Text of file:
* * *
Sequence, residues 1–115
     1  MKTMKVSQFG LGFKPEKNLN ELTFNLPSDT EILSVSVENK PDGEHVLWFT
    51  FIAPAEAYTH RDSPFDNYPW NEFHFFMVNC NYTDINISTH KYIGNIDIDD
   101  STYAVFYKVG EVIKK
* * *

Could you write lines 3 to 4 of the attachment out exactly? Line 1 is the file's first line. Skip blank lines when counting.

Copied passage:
    51  FIAPAEAYTH RDSPFDNYPW NEFHFFMVNC NYTDINISTH KYIGNIDIDD
   101  STYAVFYKVG EVIKK